Editors’ Note: Reprinted from an editorial in The Roanoke Times, December 15, 2018.
In 1965, Nazi George Lincoln Rockwell got 1.2% of the vote–5,730 votes (including 346 in Fairfax County, the highest total in the Commonwealth) for Governor of Virginia
Nazis are back in the news, unfortunately.
A year ago, so-called neo-Nazis and a bewildering array of other white supremacists groups marched through Charlottesville, some of them displaying swastikas and chanting anti-Semitic slogans.
More recently, a man interrupted a Baltimore performance of the musical “Fiddler On the Roof”— which deals with a Jewish family — by shouting “Heil Hitler, Heil Trump.” In New York, a Jewish professor at Columbia University entered her office to find it vandalized with swastikas and slurs. In Wisconsin, a group of high school boys posed for a photo while giving what sure looked like a Nazi salute. And then there was the shooting at the synagogue in Pittsburgh. The shooter there may not be a Nazi, but he certainly did what Nazis did — the mass slaughter of members of the Jewish faith.
The year was 1965, which seems an eternity ago, except we’re still listening to songs from 1965 — “(I Can’t Get No) Satisfaction” by the Rolling Stones, among them — so it’s a year that’s still alive in our pop culture. That year found Virginia beginning a political alignment that still shapes our politics today. It was also the first election that saw large numbers of African-Americans voting, thanks to that year’s passage of the Voting Rights Act.
Democrats controlled the state’s political structure, but they were mostly conservative Democrats who were finding themselves increasingly at odds with a newer generation of more liberal Democrats. The party’s candidate for governor was Lt. Gov. Mills Godwin, a former segregationist who was moving toward the center and turned out to be a pretty progressive governor for his day. There hadn’t been a Republican governor since Reconstruction, but that party was growing in strength in Virginia. Linwood Holton didn’t expect to win in 1965 but he saw that year as a trial run for 1969, when he eventually did win the governorship — and end one-party rule in Virginia. Republicans in those days bore little resemblance to today’s Republicans — Holton was to Godwin’s left on civil rights, for instance. However confusing that might be now, the rest of the four-man field is painfully clear. Unhappy with the changes in the Democratic Party (and society at large), a newly-formed Conservative Party sprung up and nominated William J. Story Jr., the assistant school superintendent in Chesapeake. The Associated Press described him as “one of Virginia’s most ardent segregation leaders.” Marvel at this: In the 1960s, a school system in Virginia could install such a man as assistant superintendent.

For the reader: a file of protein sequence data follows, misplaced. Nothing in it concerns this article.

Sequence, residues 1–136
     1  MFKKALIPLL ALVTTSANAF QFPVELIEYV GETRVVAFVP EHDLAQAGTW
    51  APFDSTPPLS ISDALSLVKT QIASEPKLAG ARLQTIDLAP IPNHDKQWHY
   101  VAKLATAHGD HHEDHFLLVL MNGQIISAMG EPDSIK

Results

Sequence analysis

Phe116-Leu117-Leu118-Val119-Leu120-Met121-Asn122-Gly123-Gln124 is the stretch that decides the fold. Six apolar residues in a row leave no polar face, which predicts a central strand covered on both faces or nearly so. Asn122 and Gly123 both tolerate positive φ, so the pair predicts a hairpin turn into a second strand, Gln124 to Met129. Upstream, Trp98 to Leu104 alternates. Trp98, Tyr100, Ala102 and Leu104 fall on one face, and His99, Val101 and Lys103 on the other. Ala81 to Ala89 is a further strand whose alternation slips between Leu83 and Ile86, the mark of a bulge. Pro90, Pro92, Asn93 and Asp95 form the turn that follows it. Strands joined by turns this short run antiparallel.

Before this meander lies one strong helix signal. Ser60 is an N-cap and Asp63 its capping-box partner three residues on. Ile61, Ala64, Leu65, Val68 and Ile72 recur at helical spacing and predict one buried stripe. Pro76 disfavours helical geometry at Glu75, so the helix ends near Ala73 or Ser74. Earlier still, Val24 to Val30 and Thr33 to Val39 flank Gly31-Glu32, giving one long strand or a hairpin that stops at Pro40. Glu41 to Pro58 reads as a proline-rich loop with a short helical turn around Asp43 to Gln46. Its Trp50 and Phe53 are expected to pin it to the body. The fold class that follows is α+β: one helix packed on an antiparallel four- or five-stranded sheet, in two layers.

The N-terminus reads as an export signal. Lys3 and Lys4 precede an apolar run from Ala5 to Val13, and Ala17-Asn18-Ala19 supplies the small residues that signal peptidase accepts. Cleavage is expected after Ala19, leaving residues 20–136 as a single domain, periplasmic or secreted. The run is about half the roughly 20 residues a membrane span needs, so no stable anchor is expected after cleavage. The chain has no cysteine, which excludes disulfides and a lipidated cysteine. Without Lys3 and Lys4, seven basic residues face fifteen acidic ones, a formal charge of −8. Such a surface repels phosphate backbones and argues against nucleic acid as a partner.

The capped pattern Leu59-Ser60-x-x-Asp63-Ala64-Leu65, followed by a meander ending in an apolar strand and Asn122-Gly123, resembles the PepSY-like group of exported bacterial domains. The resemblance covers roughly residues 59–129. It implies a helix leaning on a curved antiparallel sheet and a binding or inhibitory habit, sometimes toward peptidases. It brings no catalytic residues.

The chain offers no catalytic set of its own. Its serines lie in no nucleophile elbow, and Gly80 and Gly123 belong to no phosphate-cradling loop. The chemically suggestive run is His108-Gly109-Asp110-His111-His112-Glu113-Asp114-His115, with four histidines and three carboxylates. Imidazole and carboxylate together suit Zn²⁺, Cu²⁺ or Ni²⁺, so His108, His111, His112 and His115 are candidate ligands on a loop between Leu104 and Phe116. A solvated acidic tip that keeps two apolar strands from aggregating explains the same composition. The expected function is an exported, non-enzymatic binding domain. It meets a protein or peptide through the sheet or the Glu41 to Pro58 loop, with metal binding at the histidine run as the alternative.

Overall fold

But then there was a fourth candidate: George Lincoln Rockwell, the founder of the American Nazi Party. Rockwell lived in Arlington and had a following of some sort. In 1963, he drew about 400 people to hear him speak in Roanoke’s Elmwood Park, 500 more in Lynchburg, another 400 in Richmond. In Emporia, police arrested him and charged with conspiring to incite whites to violence against blacks.
In April 1965, Rockwell showed up at the State Board of Elections office to file for governor. He presented that year’s race for governor in apocalyptic terms: “By 1968 the elections will be dominated by Negroes as they are in many other parts of America. It will be impossible for white people ever again to regain the strength and unity to stop black domination of Virginia if we don’t do it now.”
He vowed that if he were elected, he’d seek to imprison Martin Luther King Jr., whom he referred to not by his name but with an epithet. He proposed to relocate blacks to “more liberal climates” in the North. And the Navy veteran of World War II said that in hindsight, he wished he’d fought for the Nazis. Some of his campaign literature listed an address for “United Klans of America.”
As shocking as Rockwell’s views were — even for 1965 — the more shocking thing is this: He polled 5,730 votes. Were there really 5,730 Nazi sympathizers in Virginia in 1965? Who were these voters? It’s not as if they were merely casting some protest vote to bring back segregation — because they could have voted for Story. And many did. Story, a more ordinary kind of segregationist, received 75,307 votes — 13 percent of the total. Story even carried 11 localities in Southside. So what kind of voter would find Story so insufficiently segregationist that they’d vote for a Nazi?
Rockwell received votes in every locality in the state. In Craig, Essex and Powhatan, that was just a single vote. That was the low end. The high end was Fairfax County (346 votes) and Arlington (303). In Roanoke, 114 voters supported Rockwell. Rockwell’s second highest total in this part of the state was in Franklin County, where he got 90 votes.
On a percentage basis, Rockwell’s strongest showing was Nelson County, where he took 6.9 percent of the vote. His second strongest was Stafford County, where he polled 6 percent of the vote. His percentage in Roanoke was just 0.7 percent but that’s still 0.7 percent more than decency should permit.
All this was 53 years ago. But while we examine why Nazis are back, we should keep in mind that their repugnant views may never have really gone away.
(Rockwell was shot and killed in Arlington in 1967.)